About 5 minutes away in the AH Reed Memorial Park 500-year-old Kauri forest trees are best seen from the canopy boardwalk through the forest. Here we also saw the Silver fern, a national symbol of NZ, and it was obviously a description for the underside of the leaves.

We are leaving here tomorrow and heading down to the south east of the North Island to the Coromandel Coast. Watching the weather we note that there is a cyclone coming toward the North Island which may arrive on Monday. Latest images from below show the current system and expected path of Cyclone Hola.  We will let you know what happens.

…………..Current set up as of Friday AM…………………..Latest tracking show NZ in path….

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A day to celebrate

Lunch today was fantastic. We celebrated Jim’s 65th birthday at Flutes Restaurant in the grounds of Brookland Valley Winery.


The gardens are lovely.

And the food and wine were very good with service to match.

Plenty of sunshine today so hopefully the weather is starting to turn and the warmer days are on their way.

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Fonty’s, Fruits, Truffles & more

We are now staying at Fonty’s Pool just out of Manjimup, a significant fruit growing region of Western Australia. Everywhere we drive orchards can be seen growing apples, pears, stone fruits, cherries and berries. The area around Manjimup and Pemberton has the largest avocado farm in the Southern Hemisphere, an enormous strawberry farm supplying 40 percent of Coles’ Australian market and the wine industry is proving the area has the perfect climatic requirements for growing grapes.

Fonty’s Pool was itself once an orchard. The farm was established by Archimedes (Archie) Fontanini, who migrated from Giangugnana in the Provence of Lucca, Italy, in the early 1900’s. Over the years Archie dammed the creek to create a swimming pool for this family and friends to enjoy over the summer months. Archie’s descendants still farm the land around the Pool, but today Fonty’s Pool is privately owned and run as a caravan park and swimming pool for locals to visit. The grounds are beautifully maintained and it is a very popular stopover for caravaners and campers.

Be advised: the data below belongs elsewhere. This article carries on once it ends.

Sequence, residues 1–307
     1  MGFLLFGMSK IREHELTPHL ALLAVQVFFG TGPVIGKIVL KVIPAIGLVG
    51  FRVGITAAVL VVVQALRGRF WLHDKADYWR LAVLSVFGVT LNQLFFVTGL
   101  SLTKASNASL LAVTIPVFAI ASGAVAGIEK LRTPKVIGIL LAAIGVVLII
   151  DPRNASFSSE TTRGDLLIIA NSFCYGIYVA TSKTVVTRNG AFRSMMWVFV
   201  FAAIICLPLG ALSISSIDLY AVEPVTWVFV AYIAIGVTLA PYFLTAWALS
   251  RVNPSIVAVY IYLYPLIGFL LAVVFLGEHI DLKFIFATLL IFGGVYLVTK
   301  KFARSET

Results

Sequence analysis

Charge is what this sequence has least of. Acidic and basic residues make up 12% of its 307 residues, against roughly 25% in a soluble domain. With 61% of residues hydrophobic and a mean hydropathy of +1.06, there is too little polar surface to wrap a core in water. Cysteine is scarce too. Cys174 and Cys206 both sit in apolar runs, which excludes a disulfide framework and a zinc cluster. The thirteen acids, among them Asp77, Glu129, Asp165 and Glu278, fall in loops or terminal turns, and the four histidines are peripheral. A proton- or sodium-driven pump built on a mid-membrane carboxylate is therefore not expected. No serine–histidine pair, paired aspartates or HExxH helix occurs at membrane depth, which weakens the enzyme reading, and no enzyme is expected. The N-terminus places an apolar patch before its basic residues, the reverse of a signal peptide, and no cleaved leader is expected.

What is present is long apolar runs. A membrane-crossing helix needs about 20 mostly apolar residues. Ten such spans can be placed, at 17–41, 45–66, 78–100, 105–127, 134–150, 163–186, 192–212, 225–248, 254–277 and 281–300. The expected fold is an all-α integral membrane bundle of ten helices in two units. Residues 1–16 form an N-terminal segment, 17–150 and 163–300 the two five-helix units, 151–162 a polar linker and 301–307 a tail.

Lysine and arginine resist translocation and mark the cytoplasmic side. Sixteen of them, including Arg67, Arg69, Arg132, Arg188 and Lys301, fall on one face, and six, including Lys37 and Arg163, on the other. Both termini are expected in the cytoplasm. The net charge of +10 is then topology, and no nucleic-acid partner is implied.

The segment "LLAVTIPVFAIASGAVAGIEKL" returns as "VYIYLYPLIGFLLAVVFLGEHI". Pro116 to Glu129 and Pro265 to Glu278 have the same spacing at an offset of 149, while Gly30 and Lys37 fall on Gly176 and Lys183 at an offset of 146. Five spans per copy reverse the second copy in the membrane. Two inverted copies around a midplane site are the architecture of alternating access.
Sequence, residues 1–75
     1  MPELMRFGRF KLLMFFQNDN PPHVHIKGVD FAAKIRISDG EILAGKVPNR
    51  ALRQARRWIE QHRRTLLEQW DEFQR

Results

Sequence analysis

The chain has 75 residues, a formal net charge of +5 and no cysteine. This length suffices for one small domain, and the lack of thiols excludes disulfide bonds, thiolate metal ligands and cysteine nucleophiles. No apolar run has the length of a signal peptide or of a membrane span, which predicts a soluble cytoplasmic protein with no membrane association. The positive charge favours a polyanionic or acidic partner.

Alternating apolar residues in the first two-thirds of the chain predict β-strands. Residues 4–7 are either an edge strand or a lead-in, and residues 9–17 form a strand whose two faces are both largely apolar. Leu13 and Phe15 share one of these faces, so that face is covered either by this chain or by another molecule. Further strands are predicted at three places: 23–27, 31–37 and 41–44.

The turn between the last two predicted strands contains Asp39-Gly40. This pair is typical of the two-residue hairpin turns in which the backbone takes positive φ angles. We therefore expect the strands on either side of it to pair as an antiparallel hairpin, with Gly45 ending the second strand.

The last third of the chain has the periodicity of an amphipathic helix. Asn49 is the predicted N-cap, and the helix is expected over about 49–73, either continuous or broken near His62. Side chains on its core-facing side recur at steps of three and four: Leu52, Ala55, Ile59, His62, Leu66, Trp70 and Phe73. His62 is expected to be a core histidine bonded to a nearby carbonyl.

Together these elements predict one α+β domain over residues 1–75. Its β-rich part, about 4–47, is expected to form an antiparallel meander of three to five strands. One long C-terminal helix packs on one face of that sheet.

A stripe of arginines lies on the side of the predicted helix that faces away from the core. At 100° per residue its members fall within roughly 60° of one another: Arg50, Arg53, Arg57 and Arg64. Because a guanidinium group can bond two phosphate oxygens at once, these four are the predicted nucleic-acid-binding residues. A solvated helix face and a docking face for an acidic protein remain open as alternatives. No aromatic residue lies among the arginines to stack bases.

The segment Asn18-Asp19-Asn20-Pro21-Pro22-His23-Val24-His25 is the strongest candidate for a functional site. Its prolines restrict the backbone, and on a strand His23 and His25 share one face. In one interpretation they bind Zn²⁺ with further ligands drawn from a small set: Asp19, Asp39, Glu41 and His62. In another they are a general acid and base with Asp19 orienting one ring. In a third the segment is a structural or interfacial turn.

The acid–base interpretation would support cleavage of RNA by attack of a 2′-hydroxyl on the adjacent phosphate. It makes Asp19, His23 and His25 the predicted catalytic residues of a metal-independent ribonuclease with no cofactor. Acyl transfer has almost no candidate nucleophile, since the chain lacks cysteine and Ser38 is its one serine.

Whilst we were in the area we decided we couldn’t go past a lunch at The Truffle and Wine Co. We both enjoyed the Mushroom and Mascarpone Black Truffle Risotto accompanied with freshly baked Baguette and Truffle Butter and a bottle of Fume Sauvignon Blanc Semillon. Very nice indeed. The farm is the largest truffière in the Southern Hemisphere and was established in 1997. Their first truffles were harvested in 2003 and today supply their Black Winter Truffles to distributors around the world.

A river cruise 12km down the Donnelly River to the Southern Ocean provided us with a look at how the area is recovering after the bush fire back in 2011. Many of the fallen trees are still visible along the banks but the regrowth recovery has bought back wildlife to the area – both on land and the water birds as well.